Sunday, September 21, 2014

The High Highs and the Low Lows

This week has been odd to say the least. I spent the weekend preparing for Dot Day and doing gobs of grad school work. When Monday rolled around I felt like I didn't really have a weekend, which is not how I want to go into a full week of teaching. As a perfect example of how this week has felt, I forgot to wear my glasses today. What? I have had my glasses since I was a junior in high school and I have never forgotten to wear them... until today. Odd. I experienced some high highs and some low lows this week, and I'll honestly be glad when this week is over and I can actually take a break.

We had an amazing day on Monday celebrating International Dot Day, and I'm certain it will be a day the kiddos remember about first grade. The highlight was doing a Google Hangout with a first grade classroom in Canada! This was the first GHO/Skype/Face Time experience for me as a teacher and for my kids as students, and it was awesome! I announced to the kiddos on Monday morning that we would be meeting up with a classroom from another country, but I didn't tell them which country. I held that over their heads for a few hours, and when I finally let them in on the secret the kiddos went through the roof. We spent the rest of the morning researching Canada and coming up with questions for our Canadian friends about life in their country. By the afternoon, we were more than ready for our first GHO; we had practiced our questions and statements and we had talked about expectations. The actual GHO was incredible. The kiddos learned so much about our friends and were excited to hear about our similarities and differences. Each kiddo had a chance to tell our friends how they were going to make their mark, which was the greatest part of the experience for me as it connected us to our friends. What an exciting day! Here are a few of the dots we made:

These dots are actually on their way to Canada for our friends!

Unfortunately, Tuesday and Wednesday paled in comparison. I found out yesterday that I have to pass up the opportunity to see Peter H. Reynolds in living person because of grad school, which was a major bummer. We did our normal thing and I'm hopeful the kiddos learned something. Nothing sparkled like Monday did, though, and I felt sad. It's like how a girl feels when her wedding is over and the honeymoon has been had and all that's left of those exciting days are a few souvenirs and a ton of thank you cards to write (and of course a lifetime to spend with the person she loves, but it can be easy to feel down about the special-ness disappearing).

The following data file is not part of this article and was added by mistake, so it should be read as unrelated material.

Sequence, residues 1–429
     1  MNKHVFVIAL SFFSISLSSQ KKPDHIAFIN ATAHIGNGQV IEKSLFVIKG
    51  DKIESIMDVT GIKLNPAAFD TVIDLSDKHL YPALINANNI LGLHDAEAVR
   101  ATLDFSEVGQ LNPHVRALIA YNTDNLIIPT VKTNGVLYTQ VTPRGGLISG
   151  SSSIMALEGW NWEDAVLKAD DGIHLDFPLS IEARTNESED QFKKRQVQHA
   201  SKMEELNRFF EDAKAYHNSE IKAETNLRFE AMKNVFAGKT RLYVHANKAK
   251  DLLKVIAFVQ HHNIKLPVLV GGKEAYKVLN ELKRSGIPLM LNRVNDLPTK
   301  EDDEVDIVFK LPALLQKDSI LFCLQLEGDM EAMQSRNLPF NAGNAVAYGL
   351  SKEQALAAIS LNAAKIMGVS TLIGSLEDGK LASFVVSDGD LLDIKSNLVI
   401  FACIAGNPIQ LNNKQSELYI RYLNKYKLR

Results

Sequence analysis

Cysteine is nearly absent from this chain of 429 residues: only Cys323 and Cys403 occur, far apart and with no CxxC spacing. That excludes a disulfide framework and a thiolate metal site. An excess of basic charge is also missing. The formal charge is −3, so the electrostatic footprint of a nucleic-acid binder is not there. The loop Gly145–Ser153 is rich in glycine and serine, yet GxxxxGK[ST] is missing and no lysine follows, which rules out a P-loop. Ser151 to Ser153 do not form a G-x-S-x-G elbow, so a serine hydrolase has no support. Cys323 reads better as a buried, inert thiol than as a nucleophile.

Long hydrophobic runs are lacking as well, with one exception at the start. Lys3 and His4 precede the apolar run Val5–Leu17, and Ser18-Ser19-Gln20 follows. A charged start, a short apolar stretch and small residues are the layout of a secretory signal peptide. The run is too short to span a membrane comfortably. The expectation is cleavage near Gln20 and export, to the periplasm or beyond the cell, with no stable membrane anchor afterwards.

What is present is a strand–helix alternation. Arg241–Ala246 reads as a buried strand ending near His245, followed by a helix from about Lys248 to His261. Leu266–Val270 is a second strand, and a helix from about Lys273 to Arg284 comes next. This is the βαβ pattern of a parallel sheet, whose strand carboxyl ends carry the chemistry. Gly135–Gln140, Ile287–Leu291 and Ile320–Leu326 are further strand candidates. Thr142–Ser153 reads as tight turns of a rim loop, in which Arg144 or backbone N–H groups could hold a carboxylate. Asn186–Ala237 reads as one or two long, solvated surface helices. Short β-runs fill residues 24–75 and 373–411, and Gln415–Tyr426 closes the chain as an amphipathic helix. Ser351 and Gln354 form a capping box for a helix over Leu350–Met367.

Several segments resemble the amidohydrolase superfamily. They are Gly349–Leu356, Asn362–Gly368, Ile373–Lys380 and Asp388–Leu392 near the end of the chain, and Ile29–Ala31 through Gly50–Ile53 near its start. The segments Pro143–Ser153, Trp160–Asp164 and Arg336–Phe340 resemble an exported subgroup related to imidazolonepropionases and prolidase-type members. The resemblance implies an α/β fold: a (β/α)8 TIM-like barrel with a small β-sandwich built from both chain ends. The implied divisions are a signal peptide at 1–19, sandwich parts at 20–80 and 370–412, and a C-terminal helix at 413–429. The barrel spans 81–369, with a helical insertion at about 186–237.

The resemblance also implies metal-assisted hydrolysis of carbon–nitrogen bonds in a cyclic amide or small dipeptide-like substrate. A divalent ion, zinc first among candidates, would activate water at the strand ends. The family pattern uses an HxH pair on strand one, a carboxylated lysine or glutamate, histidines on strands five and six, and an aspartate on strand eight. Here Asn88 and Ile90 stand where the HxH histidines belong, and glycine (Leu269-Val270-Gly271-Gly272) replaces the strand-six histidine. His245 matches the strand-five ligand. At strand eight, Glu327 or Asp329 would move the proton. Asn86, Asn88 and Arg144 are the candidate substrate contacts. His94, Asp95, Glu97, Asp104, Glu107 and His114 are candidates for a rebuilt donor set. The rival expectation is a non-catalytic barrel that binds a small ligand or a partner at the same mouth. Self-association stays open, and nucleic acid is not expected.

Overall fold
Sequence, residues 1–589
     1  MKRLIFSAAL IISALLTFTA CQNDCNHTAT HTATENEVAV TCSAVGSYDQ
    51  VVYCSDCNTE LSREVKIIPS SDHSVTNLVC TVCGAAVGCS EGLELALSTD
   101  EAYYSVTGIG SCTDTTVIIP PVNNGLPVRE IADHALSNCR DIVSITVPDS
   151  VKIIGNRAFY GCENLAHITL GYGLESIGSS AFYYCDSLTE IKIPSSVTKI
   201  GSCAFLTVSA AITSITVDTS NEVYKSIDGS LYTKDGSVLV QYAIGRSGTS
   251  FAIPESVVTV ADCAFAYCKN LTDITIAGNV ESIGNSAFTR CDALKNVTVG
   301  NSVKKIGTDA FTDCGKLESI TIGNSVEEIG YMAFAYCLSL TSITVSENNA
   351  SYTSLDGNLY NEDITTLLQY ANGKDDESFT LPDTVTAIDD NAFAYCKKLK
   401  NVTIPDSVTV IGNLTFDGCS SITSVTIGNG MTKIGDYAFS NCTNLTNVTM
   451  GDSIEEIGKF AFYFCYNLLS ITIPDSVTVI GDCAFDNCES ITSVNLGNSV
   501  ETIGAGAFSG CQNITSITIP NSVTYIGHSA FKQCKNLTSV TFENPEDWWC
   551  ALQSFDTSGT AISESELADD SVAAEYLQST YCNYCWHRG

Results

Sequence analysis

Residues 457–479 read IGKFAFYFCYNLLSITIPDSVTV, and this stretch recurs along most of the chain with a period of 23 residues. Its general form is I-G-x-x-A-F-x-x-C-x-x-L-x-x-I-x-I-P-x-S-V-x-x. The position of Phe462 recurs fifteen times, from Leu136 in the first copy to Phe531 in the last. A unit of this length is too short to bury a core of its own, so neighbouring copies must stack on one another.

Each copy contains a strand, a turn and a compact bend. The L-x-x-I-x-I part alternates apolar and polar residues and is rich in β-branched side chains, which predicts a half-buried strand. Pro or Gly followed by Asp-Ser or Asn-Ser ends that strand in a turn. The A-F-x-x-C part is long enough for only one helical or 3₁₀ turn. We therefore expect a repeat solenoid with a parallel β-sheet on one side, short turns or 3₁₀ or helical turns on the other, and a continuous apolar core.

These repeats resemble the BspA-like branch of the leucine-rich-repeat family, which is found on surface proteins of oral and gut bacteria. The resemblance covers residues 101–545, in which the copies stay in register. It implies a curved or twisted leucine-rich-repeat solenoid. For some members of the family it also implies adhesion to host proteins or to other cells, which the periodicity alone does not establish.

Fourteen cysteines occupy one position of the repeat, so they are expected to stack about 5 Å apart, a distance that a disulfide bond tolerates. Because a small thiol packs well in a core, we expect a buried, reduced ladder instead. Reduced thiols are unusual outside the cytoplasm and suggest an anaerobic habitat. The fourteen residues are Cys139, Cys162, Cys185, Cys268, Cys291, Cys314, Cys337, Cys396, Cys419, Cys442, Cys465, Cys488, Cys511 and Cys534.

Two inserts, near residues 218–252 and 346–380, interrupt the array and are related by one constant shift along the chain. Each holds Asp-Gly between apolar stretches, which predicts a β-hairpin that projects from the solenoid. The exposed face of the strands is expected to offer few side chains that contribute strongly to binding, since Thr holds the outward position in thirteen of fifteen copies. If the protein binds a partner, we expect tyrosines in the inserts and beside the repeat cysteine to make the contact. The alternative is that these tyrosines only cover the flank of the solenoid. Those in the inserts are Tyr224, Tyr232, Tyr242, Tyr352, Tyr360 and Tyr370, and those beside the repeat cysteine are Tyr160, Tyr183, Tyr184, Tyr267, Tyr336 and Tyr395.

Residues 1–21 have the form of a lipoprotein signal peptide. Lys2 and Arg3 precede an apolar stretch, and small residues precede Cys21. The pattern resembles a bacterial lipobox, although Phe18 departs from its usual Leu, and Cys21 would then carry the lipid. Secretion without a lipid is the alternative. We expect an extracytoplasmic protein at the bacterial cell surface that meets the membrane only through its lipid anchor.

I finally felt happy again today. I'm feeling more in control of conferencing during Daily 5. I met with seven kiddos today. We set measurable goals, we had some great conversations, and I felt the time was useful. I'm not going to say I'm completely there yet, but I'm getting closer. Also, in the spirit of doing things for the first time, I ate school lunch today. It was chili and cinnamon roll day, and I just couldn't resist. I'm so glad I did too. It was quite tasty!

The greatest of all of the moments of today was this:

After lunch today, we had a guest speaker scheduled to come in. She and I had our times mixed up though, and she ended up arriving 20 minutes later than anticipated. This extra time with my kiddos was a blessing in disguise. I have been wanting to start a "chapter book" as a read aloud for a while, so I took this time to start one up. I chose Dinosaurs Before Dark - the first book in the Magic Tree House series. After talking about how this read aloud would be different than others because I wouldn't have pictures to show on every page, we got started. It was 20 minutes of pure bliss. I have never truly experienced the feeling of having a whole classroom hanging on my every word until that moment. Not only were they listening, but they were understanding! Occasionally one of them would make a quiet prediction or exclamation as I read, and they excitedly answered every comprehension question I asked. That, my teacher friends, is a win in my book!

Who knows what tomorrow will bring? I'm just grateful it'll be Friday. This weekend, I'll try to get my spinning world back under control with the hope that next week will be more stable.

Sunday, September 14, 2014